At Princeton University, where eight cases of bacterial meningitis have surfaced this year, officials have put up posters and emailed students warning them to guard against spreading the potentially fatal disease. Federal officials have taken the rare step of allowing the university to vaccinate thousands of students beginning next week, using a drug not yet approved in the United States.
At the University of California, Santa Barbara, where a fourth bacterial meningitis case was confirmed this week, a freshman lacrosse player had both feet amputated. Campus leaders have suspended fraternity parties and other social events and ramped up cleaning in residence halls and recreation facilities.
The threat of meningitis has long been a concern on college campuses, where the cramped living quarters, crowded classrooms and teeming party scene create an environment where it can spread more easily. The disease has largely vanished from colleges and universities in recent years, as dozens of states required students to be vaccinated against it before arriving on campus.
But officials who monitor the disease are troubled by the recent outbreaks in California and New Jersey, in part because of the number of cases but also because they each involve the uncommon “serogroup B” type of bacterial meningitis, for which the country so far has no approved vaccine.
“This is a very, very serious infection,” said James Turner, a professor of internal medicine at the University of Virginia, who oversees the College Health Surveillance Network, which tracks student health trends. “It’s rare and it’s unpredictable.”
Still, Turner and other public health officials say there is not yet cause for panic. For starters, while the type of meningitis popping up on both campuses is the same, DNA testing has shown that they are not identical.
“It’s one strain at Princeton, and it’s a different strain at Santa Barbara,” said Tom Clark, chief of the meningitis branch at the Centers for Disease Control and Prevention, who is leading the response to the outbreaks.
In addition, Clark said, meningitis doesn’t spread through casual contact or merely breathing the air near an infected person, but rather through sustained contact or exchange of saliva, such as kissing. In addition, outbreaks seldom spread rapidly or widely.
“It’s pretty typical for outbreaks to have a few cases in a short period of time,” Clark said. “Most often, when you have a cluster, you won’t have more. And if you do have more 61/87cases63/87, you won’t have many more.”
That doesn’t mean public health officials or the universities involved haven’t taken seriously the recent outbreaks of meningitis, which can strike suddenly and result in brain damage, paralysis, hearing loss and amputation of limbs.
After Princeton saw its eighth documented case since March, the Food and Drug Administration and the CDC gave the university permission to import and administer a vaccine called Bexsero to thousands of students beginning Dec. 9. Princeton will pay for the costs of the vaccine, which will be given in two doses, the second of which will be made available in February.
The vaccine, which has been shown to protect against meningococcal disease caused by serogroup B bacteria, has been approved for use in Europe and Australia but has not been licensed by U.S. regulators.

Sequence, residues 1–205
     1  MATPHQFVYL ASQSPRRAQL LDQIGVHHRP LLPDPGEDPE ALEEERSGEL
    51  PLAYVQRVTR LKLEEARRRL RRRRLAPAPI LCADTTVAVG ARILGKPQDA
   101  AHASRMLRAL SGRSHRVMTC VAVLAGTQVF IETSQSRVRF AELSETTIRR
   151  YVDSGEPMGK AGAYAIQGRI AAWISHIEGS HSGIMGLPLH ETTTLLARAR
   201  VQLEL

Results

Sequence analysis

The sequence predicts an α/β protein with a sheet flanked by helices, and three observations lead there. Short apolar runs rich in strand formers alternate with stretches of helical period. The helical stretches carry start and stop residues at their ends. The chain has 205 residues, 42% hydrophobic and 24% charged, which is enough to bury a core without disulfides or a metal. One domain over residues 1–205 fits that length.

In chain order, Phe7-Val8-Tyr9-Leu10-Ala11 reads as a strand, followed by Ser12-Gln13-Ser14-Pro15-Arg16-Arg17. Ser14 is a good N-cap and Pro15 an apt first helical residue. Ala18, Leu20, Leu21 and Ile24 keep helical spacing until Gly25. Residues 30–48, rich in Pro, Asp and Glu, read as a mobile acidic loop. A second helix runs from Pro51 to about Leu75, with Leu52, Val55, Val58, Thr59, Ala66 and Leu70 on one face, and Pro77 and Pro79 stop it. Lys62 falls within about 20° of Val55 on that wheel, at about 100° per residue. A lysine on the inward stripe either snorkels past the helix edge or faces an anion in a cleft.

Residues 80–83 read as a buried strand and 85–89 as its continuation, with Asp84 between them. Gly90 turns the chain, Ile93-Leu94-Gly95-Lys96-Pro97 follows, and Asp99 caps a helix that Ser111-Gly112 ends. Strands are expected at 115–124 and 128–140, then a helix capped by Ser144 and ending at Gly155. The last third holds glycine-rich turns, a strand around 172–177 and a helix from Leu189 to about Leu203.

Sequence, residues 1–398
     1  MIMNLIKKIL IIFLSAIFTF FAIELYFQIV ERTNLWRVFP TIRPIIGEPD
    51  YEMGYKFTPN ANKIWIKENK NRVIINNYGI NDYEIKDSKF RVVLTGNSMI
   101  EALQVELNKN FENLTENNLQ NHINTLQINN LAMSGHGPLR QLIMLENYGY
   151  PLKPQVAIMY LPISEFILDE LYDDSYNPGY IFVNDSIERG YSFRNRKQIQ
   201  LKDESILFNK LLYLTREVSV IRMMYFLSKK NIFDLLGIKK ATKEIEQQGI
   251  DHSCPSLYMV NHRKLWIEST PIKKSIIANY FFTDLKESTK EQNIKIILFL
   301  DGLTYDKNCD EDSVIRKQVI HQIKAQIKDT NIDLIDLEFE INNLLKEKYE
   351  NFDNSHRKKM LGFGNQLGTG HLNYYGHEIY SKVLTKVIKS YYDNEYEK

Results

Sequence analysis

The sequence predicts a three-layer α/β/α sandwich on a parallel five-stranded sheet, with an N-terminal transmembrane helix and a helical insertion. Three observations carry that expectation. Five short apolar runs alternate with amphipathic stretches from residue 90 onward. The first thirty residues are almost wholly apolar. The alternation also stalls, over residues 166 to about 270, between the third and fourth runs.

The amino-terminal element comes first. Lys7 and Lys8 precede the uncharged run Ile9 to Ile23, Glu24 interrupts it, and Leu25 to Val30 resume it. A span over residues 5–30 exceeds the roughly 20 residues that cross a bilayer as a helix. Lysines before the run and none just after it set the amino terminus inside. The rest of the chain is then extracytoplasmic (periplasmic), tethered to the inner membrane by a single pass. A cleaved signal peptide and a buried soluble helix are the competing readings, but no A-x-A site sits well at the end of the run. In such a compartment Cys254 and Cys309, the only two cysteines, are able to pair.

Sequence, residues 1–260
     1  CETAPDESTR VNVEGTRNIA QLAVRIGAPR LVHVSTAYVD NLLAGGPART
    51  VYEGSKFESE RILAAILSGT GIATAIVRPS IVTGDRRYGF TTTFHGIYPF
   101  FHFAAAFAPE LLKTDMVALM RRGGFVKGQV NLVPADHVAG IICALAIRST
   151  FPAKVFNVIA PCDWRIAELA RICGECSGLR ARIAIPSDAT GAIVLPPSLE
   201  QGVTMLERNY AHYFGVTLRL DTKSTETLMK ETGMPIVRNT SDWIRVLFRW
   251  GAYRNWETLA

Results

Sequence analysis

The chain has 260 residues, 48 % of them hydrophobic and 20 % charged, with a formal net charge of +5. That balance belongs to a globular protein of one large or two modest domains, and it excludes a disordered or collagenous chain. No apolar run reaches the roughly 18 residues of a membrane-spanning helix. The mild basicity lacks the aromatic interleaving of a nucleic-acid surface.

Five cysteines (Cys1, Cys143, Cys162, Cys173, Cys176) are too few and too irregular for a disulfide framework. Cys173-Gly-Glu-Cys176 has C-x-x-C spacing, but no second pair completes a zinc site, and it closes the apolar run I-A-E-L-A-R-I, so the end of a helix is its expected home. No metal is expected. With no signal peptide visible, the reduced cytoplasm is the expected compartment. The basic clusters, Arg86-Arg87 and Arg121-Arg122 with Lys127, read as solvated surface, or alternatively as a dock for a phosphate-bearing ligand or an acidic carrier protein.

In Santa Barbara, local health officials have worked feverishly to track down close contacts of the four affected students, said Susan Klein-Rothschild, a spokeswoman for the Santa Barbara County Health Department. As a result, more than 500 students who might have been exposed to the bacteria have received preventative antibiotics.
CDC officials have not yet recommended distributing the Bexsero vaccine in Santa Barbara, which has far more students than Princeton and has seen half as many cases.
“The goal is not to give a whole bunch of people vaccines when there aren’t going to be more cases anyway,” said Clark, who said his team is talking daily with officials in California. “It’s hard to know when to make that decision. Each outbreak is individual.”
Even if the current outbreak doesn’t spread, it has proven life-altering to at least one student. Santa Barbara freshman Aaron Loy, a member of the school’s lacrosse team, had his feet amputated recently after contracting the disease, according to news reports. Team members held a car wash fundraiser for him over the Thanksgiving weekend, and family members have posted regular updates online.
Loy’s struggles are all too familiar to Andy Marso, who contracted the serogroup B bacteria while a senior at the University of Kansas in 2004.
“I went to bed thinking I had the flu,” said Marso, a newspaper reporter in Kansas who wrote a book about his experiences. “By the next morning, I couldn’t get out of bed. I couldn’t walk. By that night, I was in critical condition.”
Marso spent three weeks in a coma, only to make a gruesome discovery when he awoke.
“My arms and legs were rotting while still attached to my body,” he said. “I lost the front half of both of my feet, and all my fingers except my right thumb. Even to save that much of my limbs was a painful process.”
Marso said that while his case might seem extreme, college students shouldn’t shrug off the threat of meningitis, which can attack a perfectly healthy person quickly and savagely.
“It’s not a joke,” he said. “I know what it’s like to be in college; you don’t think anything can happen to you. But it can kill you. . . . It came completely out of nowhere.”